My son and his wife were returning to Georgia after visiting West Virginia -- home state to both -- to attend a family reunion. Being very much aware of the zealous enforcement of the speed limit on Route 19 through Summersville, the subject of extreme caution was discussed prior to their departure. We even made mention that the new, bright red SUV that they were driving would stick out like a "sore thumb."
On Tuesday, Oct. 25, about noon, as he approached the "reduce speed ahead" sign, my son lowered his speed to the 50 mph that he knew was ahead. Guess what! He was stopped and cited anyway -- for traveling 63 mph. No way, officer!
I believe that the expensive vehicle with a Georgia registration was the sole reason for this citation. In an effort to fill the town's coffers -- and everyone is very much aware that they do it well -- legitimate enforcement of the speed limit no longer seems to be enough.
My son, of course, could choose to contest the citation. He could take time off from work -- he's a veterinarian -- to appear before a municipal judge and plead his case. It would be basically his word vs. the officer's. Yeah, right! The officers know that people just aren't going to do that.
I'm all for strict enforcement of the speed laws in West Virginia. But this type of flagrant abuse gives the entire state a "black eye."
C. Ronald Sandy
WVU scholarships should go to
I would be interested in knowing how many West Virginia student athletes who are named to all-state teams in their respective sports have never received a letter from West Virginia University, "the Pride of West Virginia."
It is evident that many out-of-state "all-state" athletes are heartily recruited by WVU.
I often hear concern expressed about our children leaving the state to pursue their education and careers, yet our state university will not even offer scholarships to seemingly qualified athletes from this state. Is that right?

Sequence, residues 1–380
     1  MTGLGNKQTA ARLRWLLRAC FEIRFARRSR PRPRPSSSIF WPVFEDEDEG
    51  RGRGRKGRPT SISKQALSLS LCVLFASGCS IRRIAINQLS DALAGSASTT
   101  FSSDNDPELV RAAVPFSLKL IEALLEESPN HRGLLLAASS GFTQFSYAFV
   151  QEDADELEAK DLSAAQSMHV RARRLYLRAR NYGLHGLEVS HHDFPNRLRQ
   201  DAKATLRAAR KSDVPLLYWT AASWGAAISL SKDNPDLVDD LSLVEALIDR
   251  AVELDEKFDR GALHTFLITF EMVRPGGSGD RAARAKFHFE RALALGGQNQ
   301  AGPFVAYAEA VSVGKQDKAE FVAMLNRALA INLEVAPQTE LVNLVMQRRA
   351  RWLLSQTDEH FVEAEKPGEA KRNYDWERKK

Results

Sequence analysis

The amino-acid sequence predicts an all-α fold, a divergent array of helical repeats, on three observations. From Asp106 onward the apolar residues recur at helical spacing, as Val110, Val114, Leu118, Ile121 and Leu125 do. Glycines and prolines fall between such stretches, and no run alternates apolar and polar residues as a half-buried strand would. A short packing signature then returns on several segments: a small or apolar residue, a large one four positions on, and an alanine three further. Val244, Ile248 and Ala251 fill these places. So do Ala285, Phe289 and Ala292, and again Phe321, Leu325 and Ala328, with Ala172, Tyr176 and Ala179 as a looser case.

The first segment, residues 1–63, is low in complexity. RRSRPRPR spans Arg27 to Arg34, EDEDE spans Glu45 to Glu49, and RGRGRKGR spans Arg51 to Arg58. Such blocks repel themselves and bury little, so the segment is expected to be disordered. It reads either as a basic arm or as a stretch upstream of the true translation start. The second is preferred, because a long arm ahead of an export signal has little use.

If WVU scholarships are offered to children from this state, certainly this would provide the incentive for student athletes to work hard to secure the privilege of representing their home state.
Speaking as a West Virginia parent, our children shouldn't be asked to be walk-ons with only the hope of receiving a scholarship.
Spreading credit for 911 center
I appreciated the kind words you had in your editorial (Oct. 23) about the way in which Ritchie County and my own Doddridge County had worked together to join in a common 911 call center. We are proud and excited about this project.
But I think that we must not forget the third -- and perhaps most important -- ingredient to make this center a reality: Steve Canterbury of the Regional Jail Authority.
A great appointment was made in choosing Canterbury to run the Regional Jail Authority. He is imaginative, innovative and hard-working. Without his willingness to listen to what both counties needed and to combine our 911 needs with Governor Underwood's wish to build a new state police barracks at the site of the North Central Regional Jail, our two counties would not have had the resources to get this project off the ground.
We county officials of Doddridge and Ritchie counties will take all the praise and good will you folks in Clarksburg want to dish our way! But in all fairness, we need to share it with Steve Canterbury and the Regional Jail Authority.
Lewis E. Knight
Health board needs leadership
If the "democratic" process followed at the Thursday (Nov. 2) special meeting on the smoking ban by the Harrison County Board of Health is any example of democracy, we as citizens are in trouble. The rules of the meeting were so violated that members of the gallery, as well as health board members, walked out.
The Harrison health board is in need of leadership. In recent months, there have been all too many instances of questionable judgment displayed across the board in this organization, and it is time for the board to clean up its own house before trying to run everybody else's house.
On our way to Fairmont on Saturday, Oct. 14, around 11:45 a.m., we decided to stop at the Meadowbrook Mall to make a purchase.
After leaving the mall, we proceeded to take the northbound ramp to Fairmont.
We noticed there was new blacktop on the ramp. There was no machinery nor were there trucks around, and no traffic cones across the area that we entered. If there had been, we would not have entered.
We went about 30 yards when a man stopped us and said the ramp was closed. After I said "bull," my husband backed up and started to turn around. Just then, a Bridgeport police person came up, yelling and out of control.
I have never seen or heard anyone as rude, crude and belligerent as this Bridgeport police person. We tried to tell him there were no traffic cones, but to no avail.
Finally, this Bridgeport police person just turned and stalked off.
I just wanted to let the people of Bridgeport know they should feel "safe and secure" with police protection like this, especially for any 75-year-old senior citizen who drives through and unknowingly makes an unintentional traffic mistake.
Our only crime was trying to get to Fairmont to pick up our son and family to go to play miniature golf and then go to dinner.
Thank you, police person of Bridgeport, for making our day so "complete."
Eloise P. Jurick